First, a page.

The Supreme Court of Nova Scotia (Family Division) has ruled that the purchaser of a winning lottery ticket does not have to share the money with his former common-law partner:
A $50,000 lottery prize that was used in part for a down payment on a home and kept in a joint bank account is not a mutual asset of a Nova Scotia couple who separated after living together for more than eight years, a judge has ruled.
The decision, issued this week by a Nova Scotia Supreme Court judge, illustrates the limited division of property rights for common-law couples, even when there is an unexpected financial windfall.
The court ruled in favour of Yvon Hache, a Halifax contractor who purchased an instant scratch ticket in May 2004. His common-law partner, Marie Doucette, scratched the ticket and discovered it was worth $50,000.
The couple travelled together to the regional lottery offices to collect the prize. They paid off some tax bills and used a significant portion as a down payment on a house and an adjoining lot.
For more than three years they lived in the home until the couple separated in June 2008.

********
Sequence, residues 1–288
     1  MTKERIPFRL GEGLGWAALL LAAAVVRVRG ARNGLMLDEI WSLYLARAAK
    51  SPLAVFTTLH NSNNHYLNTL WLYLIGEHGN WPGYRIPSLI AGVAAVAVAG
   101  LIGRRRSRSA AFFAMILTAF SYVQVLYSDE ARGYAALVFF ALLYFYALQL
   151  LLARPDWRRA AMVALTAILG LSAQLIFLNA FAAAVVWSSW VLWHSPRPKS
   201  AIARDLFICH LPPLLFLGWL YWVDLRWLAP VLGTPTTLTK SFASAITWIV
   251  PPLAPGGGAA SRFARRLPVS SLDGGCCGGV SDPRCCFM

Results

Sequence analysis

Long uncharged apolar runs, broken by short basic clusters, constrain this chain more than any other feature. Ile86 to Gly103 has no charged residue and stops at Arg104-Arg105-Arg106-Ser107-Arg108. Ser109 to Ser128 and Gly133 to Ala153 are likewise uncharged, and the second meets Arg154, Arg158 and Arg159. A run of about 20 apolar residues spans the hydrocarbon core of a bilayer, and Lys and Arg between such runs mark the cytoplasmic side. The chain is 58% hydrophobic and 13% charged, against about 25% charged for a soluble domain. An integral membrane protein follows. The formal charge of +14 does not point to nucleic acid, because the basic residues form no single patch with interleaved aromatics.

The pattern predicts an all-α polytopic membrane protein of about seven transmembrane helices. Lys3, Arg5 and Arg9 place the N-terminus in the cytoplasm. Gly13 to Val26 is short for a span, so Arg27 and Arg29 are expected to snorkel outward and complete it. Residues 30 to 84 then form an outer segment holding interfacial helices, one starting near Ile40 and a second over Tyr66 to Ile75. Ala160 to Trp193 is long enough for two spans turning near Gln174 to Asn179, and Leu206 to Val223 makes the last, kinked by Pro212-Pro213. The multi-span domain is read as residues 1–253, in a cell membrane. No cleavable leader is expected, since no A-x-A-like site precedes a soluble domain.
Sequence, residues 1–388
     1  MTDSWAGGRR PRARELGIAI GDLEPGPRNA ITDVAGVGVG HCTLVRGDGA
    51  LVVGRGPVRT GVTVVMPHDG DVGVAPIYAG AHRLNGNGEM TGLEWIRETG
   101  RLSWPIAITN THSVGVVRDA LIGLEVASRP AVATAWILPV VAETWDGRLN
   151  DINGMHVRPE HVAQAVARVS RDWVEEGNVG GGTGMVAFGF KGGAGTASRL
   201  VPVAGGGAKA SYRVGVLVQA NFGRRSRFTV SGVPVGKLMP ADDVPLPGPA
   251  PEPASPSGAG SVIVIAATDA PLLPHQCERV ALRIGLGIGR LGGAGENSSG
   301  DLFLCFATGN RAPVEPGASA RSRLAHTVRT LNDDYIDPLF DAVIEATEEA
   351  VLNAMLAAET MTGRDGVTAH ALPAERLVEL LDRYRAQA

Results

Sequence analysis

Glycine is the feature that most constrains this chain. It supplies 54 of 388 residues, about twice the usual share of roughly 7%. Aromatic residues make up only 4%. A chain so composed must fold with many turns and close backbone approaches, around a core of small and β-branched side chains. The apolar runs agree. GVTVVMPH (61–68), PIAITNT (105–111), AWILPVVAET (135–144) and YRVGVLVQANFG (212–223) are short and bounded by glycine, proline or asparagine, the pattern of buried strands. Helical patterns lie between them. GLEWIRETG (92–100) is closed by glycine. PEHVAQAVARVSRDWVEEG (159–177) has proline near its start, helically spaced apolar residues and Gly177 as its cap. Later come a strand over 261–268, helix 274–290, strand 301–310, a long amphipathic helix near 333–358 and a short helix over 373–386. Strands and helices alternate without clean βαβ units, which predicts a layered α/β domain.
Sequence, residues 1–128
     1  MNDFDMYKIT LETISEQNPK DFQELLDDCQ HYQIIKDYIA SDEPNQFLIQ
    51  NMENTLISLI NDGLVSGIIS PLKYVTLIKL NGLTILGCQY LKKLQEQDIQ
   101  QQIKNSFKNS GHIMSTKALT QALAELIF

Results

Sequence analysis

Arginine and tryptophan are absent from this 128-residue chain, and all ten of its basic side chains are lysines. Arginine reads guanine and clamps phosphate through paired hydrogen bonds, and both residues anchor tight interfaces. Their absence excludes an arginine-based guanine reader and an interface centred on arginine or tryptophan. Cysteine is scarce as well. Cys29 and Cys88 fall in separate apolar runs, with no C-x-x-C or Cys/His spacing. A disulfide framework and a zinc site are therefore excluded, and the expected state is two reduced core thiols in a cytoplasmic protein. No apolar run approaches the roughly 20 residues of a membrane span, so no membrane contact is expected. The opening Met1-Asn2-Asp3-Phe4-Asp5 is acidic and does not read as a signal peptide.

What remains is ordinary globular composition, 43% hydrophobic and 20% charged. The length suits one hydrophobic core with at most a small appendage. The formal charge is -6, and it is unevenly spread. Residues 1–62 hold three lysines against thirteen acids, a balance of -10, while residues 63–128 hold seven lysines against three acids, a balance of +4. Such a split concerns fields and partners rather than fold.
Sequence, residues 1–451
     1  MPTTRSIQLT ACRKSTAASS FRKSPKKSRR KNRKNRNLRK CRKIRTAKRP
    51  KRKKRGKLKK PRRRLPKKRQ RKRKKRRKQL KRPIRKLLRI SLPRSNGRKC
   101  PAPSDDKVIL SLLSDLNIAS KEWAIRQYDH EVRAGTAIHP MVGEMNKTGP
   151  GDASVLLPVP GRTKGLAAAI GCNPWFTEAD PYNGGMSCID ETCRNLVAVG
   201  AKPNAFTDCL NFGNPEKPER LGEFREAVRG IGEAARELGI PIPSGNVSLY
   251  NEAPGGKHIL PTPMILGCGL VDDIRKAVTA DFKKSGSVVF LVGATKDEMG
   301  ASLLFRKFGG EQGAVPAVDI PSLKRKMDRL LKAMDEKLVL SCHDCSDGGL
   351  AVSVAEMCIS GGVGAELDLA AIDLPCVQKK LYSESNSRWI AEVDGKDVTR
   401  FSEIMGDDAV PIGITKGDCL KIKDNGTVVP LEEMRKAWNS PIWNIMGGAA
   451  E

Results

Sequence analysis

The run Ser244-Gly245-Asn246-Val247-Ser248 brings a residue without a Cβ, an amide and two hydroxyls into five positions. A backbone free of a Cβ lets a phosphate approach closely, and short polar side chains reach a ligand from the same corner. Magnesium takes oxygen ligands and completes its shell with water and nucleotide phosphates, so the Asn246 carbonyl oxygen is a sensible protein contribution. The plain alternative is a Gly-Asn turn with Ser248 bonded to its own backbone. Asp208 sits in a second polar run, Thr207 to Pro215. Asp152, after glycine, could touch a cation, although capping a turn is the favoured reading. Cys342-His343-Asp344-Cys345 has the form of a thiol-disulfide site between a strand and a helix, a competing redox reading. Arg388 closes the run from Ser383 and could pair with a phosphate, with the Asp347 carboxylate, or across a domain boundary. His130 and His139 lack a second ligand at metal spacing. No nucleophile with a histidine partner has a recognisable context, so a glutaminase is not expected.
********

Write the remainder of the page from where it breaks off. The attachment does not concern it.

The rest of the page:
Justice Mona Lynch was asked to resolve a number of financial issues, including the legal status of the lottery winnings. “The winning ticket was purchased by Yvon Hache and there was not a general agreement to share any lottery winnings,” the judge noted. “The lottery winnings were not a joint asset of the parties.”
Because the couple was not married, “there is not a presumption that the lottery winnings or any other property is joint,” the judge observed.
For a court to find that any unexpected windfall such as a lottery jackpot should be shared, “there must be evidence of a prior agreement,” said Kim Johnson, the lawyer who represented Mr. Hache.
If there is no formal agreement, then there must be credible evidence that a couple purchased lottery tickets together and promised to split winnings. The evidence could simply be the testimony of friends who heard a couple talk of mutual plans if they won a jackpot, explained Ms. Johnson.
While the lottery funds were put in a joint bank account, no other money was deposited. Ms. Doucette “was not even aware of the location of the joint account. Yvon Hache treated the lottery winnings as if they were his own,” Judge Lynch said.